Methodology of Colonization: Selection from Frantz Fanon's (the Wretched of the Earth) & Nelson Mandela's (Long Walk to Freedom)

Topics: Colonialism, British Empire, Kenya Pages: 7 (2156 words) Published: April 30, 2013
Nicholas Powell
History 380
Spring Midterm 2013
Dr. Carolyn Johnston
Methodology of Colonization
In Frantz Fanon’s The Wretched Of The Earth he claims “Violence can thus be understood to be the perfect mediation. The colonized man liberates himself in and through violence. The praxis enlightens the militant because it shows him the means and the end.” (Bhabha, xl) I agree with Fanon in this statement, rarely are revolutions nonviolent, and the decolonization of a nation is nothing more than a revolt towards the colonizer. I believe violence can illustrate the seriousness of a movement that may otherwise be seen as illegitimate. Fanon goes on to say that “decolonization is always a violent event. At whatever level we study it – individual encounters, a change of name for a sports club the guest list at a cocktail party, members of a police force or the board of directors of a state or private bank – decolonization is quite simply the substitution of one “species” of mankind by another.” (Fanon, 1)

We see that colonization is violent throughout Africa, in Kenya with the Mau Mau, the South West Africa People’s Organization (SWAPO) in Namibia, and in South Africa. In Nelson Mandela’s Long Walk to Freedom, he describes himself as a supporter of peace; however those qualities can be confused or misunderstood as Nelson being a pacifist. We know he is not a pacifist from his opinion on the topic of violence, “A freedom fighter learns the hard way that the oppressor who defines the nature of the struggle, and the oppressed is often left no recourse but to use methods that mirror those of the oppressor. At a certain point, one can only fight fire with fire.” If we try and truly understand what he means by that statement, as well as consider his generally peaceful nature, it becomes apparent that Mandela only supported violent behavior where it had practical purpose. Being a lover of Marx, Mandela favored destruction of bourgeois property opposed to harming human beings.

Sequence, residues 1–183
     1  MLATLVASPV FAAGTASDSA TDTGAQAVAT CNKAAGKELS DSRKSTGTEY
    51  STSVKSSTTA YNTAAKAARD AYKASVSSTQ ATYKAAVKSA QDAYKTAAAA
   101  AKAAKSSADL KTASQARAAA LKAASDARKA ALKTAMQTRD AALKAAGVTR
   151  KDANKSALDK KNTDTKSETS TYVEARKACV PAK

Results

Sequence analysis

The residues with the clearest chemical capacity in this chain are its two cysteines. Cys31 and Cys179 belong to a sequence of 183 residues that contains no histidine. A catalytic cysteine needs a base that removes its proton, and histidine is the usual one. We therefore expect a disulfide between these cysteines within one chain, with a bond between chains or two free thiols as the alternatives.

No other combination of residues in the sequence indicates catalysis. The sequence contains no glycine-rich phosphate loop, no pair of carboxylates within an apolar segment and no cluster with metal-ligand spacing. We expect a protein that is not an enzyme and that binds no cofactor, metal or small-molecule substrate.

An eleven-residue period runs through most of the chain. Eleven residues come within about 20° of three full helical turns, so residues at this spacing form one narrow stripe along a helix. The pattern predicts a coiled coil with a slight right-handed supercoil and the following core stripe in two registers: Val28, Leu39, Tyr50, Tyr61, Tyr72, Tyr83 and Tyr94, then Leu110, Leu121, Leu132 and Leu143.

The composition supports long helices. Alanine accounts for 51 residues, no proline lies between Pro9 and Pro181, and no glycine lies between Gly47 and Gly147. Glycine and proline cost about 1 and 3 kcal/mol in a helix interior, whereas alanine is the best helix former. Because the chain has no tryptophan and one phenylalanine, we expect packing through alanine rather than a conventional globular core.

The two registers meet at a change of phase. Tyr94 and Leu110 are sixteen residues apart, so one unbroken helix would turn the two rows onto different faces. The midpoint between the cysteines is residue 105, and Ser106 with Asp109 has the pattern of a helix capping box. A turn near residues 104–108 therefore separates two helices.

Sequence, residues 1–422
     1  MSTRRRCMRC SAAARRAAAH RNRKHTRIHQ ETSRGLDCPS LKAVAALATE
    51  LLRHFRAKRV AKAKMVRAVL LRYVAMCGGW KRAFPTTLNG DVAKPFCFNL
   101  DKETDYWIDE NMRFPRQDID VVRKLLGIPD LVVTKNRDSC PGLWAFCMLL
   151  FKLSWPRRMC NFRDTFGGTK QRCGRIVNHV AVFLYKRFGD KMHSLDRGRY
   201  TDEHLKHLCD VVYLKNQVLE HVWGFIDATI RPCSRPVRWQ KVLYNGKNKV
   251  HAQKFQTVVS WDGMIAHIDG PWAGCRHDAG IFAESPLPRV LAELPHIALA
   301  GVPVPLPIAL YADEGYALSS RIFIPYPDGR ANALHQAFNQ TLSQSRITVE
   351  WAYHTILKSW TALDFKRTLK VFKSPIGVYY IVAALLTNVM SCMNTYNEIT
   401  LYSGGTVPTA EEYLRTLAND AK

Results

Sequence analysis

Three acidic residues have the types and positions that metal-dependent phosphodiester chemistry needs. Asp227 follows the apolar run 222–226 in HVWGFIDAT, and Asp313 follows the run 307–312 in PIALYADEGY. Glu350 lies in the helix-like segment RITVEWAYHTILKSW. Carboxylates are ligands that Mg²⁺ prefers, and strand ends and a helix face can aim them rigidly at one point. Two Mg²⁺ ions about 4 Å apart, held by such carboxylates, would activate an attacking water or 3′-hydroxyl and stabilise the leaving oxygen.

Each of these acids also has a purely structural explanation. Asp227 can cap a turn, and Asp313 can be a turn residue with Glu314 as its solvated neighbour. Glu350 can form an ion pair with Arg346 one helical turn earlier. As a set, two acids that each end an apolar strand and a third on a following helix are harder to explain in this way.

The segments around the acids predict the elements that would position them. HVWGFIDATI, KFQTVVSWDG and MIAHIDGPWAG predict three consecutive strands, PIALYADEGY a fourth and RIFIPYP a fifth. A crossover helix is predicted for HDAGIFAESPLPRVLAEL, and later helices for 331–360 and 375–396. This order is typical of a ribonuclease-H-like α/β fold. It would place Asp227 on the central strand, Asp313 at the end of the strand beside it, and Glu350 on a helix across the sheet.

Since we understand colonization as violent, we can illustrate the process of decolonization simply with Newton’s Third Law, (if that’s even possible, but run with me on this.) Since the colonizing force used violence to oppress the colonized, an equal force of violence must be used to propel a nation out of occupation by the foreign power. We see this in the film The Battle of Algiers with the National Liberation Front’s (FLN), organized and brutal insurgency. First the violence is directed towards police officers in the streets of Algiers, I believe they chose to target law enforcement because of the strong symbolism it holds concerning the opposition of authority. Quickly the violence escalates into full-blown riots between the general population and the French military. Casualties on both sides begin to pile up do to the increase in attacks and the level of their brutality, even towards innocent individuals, including women and children.

Though the struggle is illustrated vividly in the film we see these actions in multiple conflicts throughout Africa. From the killing of innocent children during the National Emergency in Kenya by the Mau Mau, to SWAPO guerrilla tactics against the South African military and serious human rights abuses against suspected spies during Namibia’s struggle for independence. The ultimate goal of the colonized is to have their nation for themselves again; “To destroy the colonial world means nothing less than demolishing the colonist’s sector, burying it deep within the earth or banishing it from the territory.” (Fanon, 6)

Fanon goes on to address the roles of the two bodies in the colonial system and the transitional efforts made by the colonized, this transition begins once dehumanization by the colonizer begins, “Decolonization is the encounter between two congenitally antagonistic forces that in fact owe their singularity to the kind of reification secreted and nurtured by the colonial...
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